FOR IMMEDIATE RELEASE                                                                                       CONTACT:

April 14, 2016                                                                                                               Liz Voyles, Big Cities Health Coalition

                                                                                                                                           liz@brassrc.com, 202-297-9641 

                                                                                                                                           John Schachter, Campaign for Tobacco-Free Kids

                                                                                                                                           jschachter@tobaccofreekids.org, 202-296-5469

                                                                                                                                           Eve Pidgeon, Trinity Health

                                                                                                                                           pidgeone@trinity-health.org, 734-343-1270

 

Experts Brief Congress on Raising Tobacco Sale Age to 21 to Save Lives and Cut Health Care Costs 

WASHINGTON, D.C. – The Big Cities Health Coalition (BCHC)/National Association of County and City Health Officials (NACCHO), Trinity Health, and the Campaign for Tobacco-Free Kids today hosted Tobacco 21: Raise the Age to Save Lives, a congressional briefing, exploring initiatives across the country – as well as bills in Congress – to raise the age of sale of tobacco products to 21. A national consensus is growing to prevent addictions and future health problems by passing Tobacco 21. At least 135 localities, including New York City, Chicago, Boston, Cleveland, both Kansas Cities, San Francisco, as well as the state of Hawaii, have enacted such laws. California’s statewide Tobacco 21 bill awaits the governor’s signature.

While the United States has made tremendous progress in reducing smoking, tobacco use remains the nation’s number one cause of preventable death. According to the U.S. Surgeon General, it kills more than 480,000 people and costs the nation about $170 billion in health care expenses each year. These deaths and costs are entirely preventable; elected officials need to not only fight tobacco use aggressively, but also through a variety of approaches, including Tobacco 21.

Some 95 percent of adult smokers started before they were 21, demonstrating the critical importance of keeping young people from ever starting. Raising the tobacco age to 21 means stopping smokers before they start.

A March 2015 report by the Institute of Medicine (IOM) concluded that raising the tobacco age to 21 will have a dramatic impact on public health and save lives.  The report showed that raising the tobacco age to 21 will significantly reduce the number of adolescents and young adults who start smoking and over time will reduce adult smoking by about 12 percent. Consequently, Tobacco 21 will also reduce medical costs.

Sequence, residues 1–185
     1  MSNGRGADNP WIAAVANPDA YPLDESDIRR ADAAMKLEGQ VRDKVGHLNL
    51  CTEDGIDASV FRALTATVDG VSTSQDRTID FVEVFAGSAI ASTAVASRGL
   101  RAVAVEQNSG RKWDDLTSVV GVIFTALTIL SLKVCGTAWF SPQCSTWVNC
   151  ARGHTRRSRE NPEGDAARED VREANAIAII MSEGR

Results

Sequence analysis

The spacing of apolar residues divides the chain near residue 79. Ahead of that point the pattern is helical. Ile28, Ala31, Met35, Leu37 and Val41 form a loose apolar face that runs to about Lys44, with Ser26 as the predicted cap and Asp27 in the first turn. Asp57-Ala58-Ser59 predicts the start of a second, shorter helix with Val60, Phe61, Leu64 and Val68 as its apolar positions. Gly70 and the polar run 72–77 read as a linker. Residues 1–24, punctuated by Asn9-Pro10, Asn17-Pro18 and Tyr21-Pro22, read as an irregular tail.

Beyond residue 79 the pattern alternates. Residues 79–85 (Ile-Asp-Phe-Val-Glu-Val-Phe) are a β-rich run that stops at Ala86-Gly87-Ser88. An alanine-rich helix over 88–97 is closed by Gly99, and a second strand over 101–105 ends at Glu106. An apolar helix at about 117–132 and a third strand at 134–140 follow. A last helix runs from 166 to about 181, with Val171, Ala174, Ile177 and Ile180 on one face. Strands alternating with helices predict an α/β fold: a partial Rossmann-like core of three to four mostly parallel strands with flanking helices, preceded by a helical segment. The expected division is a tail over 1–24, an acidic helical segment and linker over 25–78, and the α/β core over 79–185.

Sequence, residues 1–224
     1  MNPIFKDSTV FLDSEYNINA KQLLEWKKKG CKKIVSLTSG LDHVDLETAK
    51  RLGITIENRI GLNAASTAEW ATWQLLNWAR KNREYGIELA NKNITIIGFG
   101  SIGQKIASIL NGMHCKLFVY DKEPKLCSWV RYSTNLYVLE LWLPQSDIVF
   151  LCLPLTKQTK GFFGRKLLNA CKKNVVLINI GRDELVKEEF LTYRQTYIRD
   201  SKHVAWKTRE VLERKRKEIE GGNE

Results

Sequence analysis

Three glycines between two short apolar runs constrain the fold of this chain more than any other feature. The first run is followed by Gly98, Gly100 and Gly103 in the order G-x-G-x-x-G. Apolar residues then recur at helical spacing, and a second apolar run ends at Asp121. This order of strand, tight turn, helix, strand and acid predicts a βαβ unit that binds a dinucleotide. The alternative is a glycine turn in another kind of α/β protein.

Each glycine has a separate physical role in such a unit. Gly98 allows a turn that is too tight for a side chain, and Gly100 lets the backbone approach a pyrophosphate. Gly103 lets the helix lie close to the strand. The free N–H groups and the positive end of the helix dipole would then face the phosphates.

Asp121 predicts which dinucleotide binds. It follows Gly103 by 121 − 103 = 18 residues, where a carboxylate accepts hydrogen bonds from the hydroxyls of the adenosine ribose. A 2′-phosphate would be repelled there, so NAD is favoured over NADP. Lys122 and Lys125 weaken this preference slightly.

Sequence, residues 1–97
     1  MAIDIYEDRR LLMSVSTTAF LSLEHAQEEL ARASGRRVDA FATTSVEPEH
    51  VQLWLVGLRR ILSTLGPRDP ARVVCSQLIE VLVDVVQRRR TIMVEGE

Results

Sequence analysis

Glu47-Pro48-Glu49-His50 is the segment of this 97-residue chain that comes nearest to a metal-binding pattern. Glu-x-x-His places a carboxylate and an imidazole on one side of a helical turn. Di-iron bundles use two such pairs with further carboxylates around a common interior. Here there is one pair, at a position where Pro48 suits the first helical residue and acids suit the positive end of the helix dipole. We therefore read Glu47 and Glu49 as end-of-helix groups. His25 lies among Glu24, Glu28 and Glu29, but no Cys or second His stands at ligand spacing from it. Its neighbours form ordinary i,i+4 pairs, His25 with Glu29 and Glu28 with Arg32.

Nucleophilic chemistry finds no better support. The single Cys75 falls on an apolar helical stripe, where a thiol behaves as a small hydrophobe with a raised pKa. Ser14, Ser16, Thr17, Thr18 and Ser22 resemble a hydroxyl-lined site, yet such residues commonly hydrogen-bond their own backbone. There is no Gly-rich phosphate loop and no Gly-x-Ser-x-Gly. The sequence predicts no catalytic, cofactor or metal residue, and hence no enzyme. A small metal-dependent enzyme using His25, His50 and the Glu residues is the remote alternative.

“Cities across the country are passing Tobacco 21 laws because there is growing evidence that they can dramatically reduce smoking rates among teens,” said Chrissie Juliano, MPP, Executive Director of the Big Cities Health Coalition. “We encourage Congress to follow their lead, in an effort to save lives and lower costs.”

“Increasing the tobacco age to 21 will help reduce tobacco use among youth and young adults – age groups heavily targeted by the tobacco industry,” said Matthew L. Myers, President of the Campaign for Tobacco-Free Kids. “It will also help keep tobacco out of high schools, where younger teens often obtain tobacco products from older students. Raising the tobacco age to 21 is a critical step to accelerate progress in the fight against tobacco and make the next generation tobacco-free.”

"According the Institute of Medicine, Tobacco 21 will reduce smoking rates by 12 percent over time and save 4.2 million years of life," said Bechara Choucair, M.D., Senior Vice President, Safety Net and Community Health, Trinity Health.  “We urge Congress to increase the minimum legal sale age for tobacco products to 21."

The Big Cities Health Coalition (BCHC) is a forum for the leaders of America’s largest metropolitan health departments to exchange strategies and jointly address issues to promote and protect the health and safety of their residents. Collectively, BCHC member jurisdictions directly impact 51 million people, or one in six Americans. For more information visit www.bigcitieshealth.org. Programmatic support for the Big Cities Health Coalition is provided by the de Beaumont Foundation along with others. Foundation funds were not used to support this event.

The National Association of County and City Health Officials (NACCHO) is the national non-profit association representing the approximately 2,800 local health departments (LHDs) in the United States, including city, county, metro, district, and tribal agencies.  

The Campaign for Tobacco-Free Kids is a leading force in the fight to reduce tobacco use and its deadly toll in the United States and around the world. Its vision is a future free of the death and disease caused by tobacco.
Trinity Health is one of the largest multi-institutional Catholic health care delivery systems in the nation. It serves people and communities in 21 states with 90 hospitals, 124 continuing care locations — including home care, hospice, PACE and senior living facilities — that provide nearly 2.5 million visits annually. For more information, visit www.trinity-health.org. You can also follow @TrinityHealthMI on Twitter. 

###